C O N T E N T S 1 Chapter 1 How to Use this Handbook 1 Objectives of this Handbook 2 Information Sources 2 Roadmap to the Handbook 3 Data Limitations 5 Chapter 2 Introduction to Travel Training 5 The Promise of Travel Training 6 Key Issues in Travel Training 8 Travel Training: How Itâs Supposed to Work 11 Fundamentals of Travel Training Programs 13 Benefits of Travel Training 15 Potential Challenges to Travel Training Programs 17 Chapter 3 Characteristics of Successful Travel Training Programs 17 The Attributes of Successful Programs 17 Components of Successful Travel Training Programs 21 Finding the Right Combination of Factors 23 Chapter 4 âHow toâ Information 23 Why Get Involved with Travel Training? 24 What Travel Skills Will You Try to Promote? 24 What Makes an Effective Travel Training Program? 26 How Do You Set Up an Effective Travel Training Program in Your Community? 27 What Resources Are Needed for an Effective and Sustainable Travel Training Program? 29 How Can You Establish and Implement Programs to Train and Support Travel Trainers? 29 Whatâs Needed to Account for Your Expenses? 30 How Do You Measure the Benefits of Travel Training? 33 How Do You Set Up an Effective Outreach, Education, and Marketing Program? 34 What Tools and Techniques Are Useful? 35 What Are Some Obstacles That Your Travel Training Program Might Encounter? 36 How Can You Integrate Travel Training with Mobility Management Efforts? 37 Recapping These Questions 38 Chapter 5 Improved Travel Training Practices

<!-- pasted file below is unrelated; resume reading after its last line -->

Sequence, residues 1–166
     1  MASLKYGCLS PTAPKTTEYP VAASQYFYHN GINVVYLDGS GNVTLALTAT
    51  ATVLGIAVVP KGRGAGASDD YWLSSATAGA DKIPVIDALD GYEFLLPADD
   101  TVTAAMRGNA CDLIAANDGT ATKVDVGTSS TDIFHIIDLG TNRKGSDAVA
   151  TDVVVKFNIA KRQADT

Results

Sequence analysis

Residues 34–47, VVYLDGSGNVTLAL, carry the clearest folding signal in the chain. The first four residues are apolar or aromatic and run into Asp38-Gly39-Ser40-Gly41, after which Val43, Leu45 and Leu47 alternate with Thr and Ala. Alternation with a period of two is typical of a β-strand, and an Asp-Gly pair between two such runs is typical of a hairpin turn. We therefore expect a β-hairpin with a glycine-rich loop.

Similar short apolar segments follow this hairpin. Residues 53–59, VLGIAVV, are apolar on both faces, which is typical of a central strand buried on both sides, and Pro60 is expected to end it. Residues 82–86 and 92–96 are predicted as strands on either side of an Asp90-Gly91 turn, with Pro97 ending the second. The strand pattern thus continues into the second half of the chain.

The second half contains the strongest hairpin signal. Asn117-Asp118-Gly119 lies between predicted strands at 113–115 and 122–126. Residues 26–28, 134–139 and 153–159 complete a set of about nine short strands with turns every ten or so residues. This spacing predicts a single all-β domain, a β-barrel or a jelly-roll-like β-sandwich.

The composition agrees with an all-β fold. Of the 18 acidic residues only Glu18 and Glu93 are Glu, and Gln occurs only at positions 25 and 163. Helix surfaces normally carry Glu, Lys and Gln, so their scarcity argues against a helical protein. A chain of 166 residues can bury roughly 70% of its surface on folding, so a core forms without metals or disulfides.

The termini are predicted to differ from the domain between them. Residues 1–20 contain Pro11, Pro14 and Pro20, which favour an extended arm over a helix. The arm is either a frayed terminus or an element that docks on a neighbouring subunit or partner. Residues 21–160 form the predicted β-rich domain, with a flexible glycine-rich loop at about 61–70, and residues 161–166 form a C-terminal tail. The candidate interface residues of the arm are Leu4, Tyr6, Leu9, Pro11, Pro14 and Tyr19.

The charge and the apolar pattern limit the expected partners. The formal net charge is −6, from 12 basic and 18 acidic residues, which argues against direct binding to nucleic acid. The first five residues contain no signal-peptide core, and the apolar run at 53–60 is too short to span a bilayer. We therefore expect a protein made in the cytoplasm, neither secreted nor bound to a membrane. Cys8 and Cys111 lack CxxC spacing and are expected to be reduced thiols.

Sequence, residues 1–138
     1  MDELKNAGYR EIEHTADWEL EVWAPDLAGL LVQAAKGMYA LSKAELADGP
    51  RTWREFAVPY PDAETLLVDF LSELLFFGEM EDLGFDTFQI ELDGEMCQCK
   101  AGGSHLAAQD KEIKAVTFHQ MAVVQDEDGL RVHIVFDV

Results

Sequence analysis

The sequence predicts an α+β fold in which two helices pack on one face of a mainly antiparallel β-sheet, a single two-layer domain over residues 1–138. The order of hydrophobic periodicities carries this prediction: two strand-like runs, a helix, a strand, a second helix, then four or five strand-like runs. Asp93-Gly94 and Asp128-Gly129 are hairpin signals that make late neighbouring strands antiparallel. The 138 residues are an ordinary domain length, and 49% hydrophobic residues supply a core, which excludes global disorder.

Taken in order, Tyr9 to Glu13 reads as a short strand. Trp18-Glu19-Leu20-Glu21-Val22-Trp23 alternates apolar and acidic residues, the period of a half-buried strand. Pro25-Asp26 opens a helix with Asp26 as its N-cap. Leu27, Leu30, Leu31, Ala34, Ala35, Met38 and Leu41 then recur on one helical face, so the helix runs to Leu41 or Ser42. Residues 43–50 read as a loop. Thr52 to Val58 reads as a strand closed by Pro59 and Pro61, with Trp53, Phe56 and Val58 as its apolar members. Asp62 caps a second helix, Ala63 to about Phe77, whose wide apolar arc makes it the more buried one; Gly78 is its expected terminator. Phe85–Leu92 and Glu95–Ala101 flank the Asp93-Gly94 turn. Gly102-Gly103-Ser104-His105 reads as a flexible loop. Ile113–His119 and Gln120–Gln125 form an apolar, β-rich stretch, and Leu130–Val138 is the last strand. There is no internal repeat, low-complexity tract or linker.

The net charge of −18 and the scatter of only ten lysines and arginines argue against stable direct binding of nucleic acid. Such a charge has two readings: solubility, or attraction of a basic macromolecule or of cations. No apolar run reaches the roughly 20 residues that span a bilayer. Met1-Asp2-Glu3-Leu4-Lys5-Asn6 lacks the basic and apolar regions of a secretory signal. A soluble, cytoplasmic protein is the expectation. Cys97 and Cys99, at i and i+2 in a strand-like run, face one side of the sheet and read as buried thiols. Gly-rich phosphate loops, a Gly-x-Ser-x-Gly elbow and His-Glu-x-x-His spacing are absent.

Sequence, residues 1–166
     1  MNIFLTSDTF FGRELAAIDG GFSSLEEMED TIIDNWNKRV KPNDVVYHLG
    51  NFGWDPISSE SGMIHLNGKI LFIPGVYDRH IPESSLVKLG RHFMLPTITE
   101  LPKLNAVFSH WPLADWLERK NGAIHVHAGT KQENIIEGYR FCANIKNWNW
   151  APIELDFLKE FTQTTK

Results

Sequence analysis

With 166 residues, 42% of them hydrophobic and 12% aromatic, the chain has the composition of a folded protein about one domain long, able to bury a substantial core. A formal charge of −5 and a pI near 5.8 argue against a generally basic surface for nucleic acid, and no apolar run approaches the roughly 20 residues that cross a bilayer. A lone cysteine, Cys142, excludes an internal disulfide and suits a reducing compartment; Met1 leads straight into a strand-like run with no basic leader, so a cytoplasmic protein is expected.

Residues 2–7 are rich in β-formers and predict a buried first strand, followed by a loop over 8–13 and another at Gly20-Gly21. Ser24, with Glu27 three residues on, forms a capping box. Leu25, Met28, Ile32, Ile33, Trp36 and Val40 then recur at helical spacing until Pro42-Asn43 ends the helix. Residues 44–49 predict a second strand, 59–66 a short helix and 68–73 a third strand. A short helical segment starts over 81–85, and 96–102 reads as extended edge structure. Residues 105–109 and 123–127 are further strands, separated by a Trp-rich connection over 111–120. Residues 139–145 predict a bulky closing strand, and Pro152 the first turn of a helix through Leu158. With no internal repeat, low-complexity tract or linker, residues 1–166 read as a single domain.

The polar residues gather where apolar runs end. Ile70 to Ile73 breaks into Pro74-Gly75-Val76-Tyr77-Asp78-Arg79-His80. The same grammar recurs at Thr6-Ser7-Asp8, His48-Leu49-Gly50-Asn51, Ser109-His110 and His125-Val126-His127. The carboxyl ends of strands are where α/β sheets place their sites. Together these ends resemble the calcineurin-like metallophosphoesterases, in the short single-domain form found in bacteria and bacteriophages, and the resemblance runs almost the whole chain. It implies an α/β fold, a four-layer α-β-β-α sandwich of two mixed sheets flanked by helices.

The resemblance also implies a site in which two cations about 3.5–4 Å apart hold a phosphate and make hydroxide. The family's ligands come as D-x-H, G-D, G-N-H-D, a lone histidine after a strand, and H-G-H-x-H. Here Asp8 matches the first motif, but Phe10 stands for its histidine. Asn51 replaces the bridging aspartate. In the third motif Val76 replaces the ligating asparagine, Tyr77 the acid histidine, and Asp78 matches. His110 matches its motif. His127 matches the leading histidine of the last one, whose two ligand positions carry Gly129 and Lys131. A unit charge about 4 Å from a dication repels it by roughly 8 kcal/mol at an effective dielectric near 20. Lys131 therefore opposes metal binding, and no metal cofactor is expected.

40 Chapter 6 Brief Case Studies 40 Highlights of the Case Study Selection Process 40 Data Limitations 41 Case Study Reports 42 Via Mobility Services Travel Training Via Mobility Services Boulder, Colorado 45 RTA Travel Training Program Regional Transportation Authority Chicago, Illinois 47 NJTIP @ Rutgers Rutgers, The State University of New Jersey New Brunswick, New Jersey 50 RideWise Ride Connection Portland, Oregon 53 Freedom to Go Riverside Transit Agency Riverside, California 56 Paratransit Mobility Training Paratransit, Inc. Sacramento, California 59 Senior Mobility Orientation, Travel Training, and Other Training The Kennedy Center, Inc. Trumbull, Connecticut 61 Summary 62 Glossary of Technical Terms 62 Key Transportation Concepts 65 Federal Legislation and Programs 66 Sources for the Glossary 67 Appendix A List of Information Sources 70 Appendix B Suggested Contents for Travel Training Program Forms Note: Many of the photographs, figures, and tables in this report have been converted from color to grayscale for printing. The electronic version of the report (posted on the Web at www.trb.org) retains the color versions.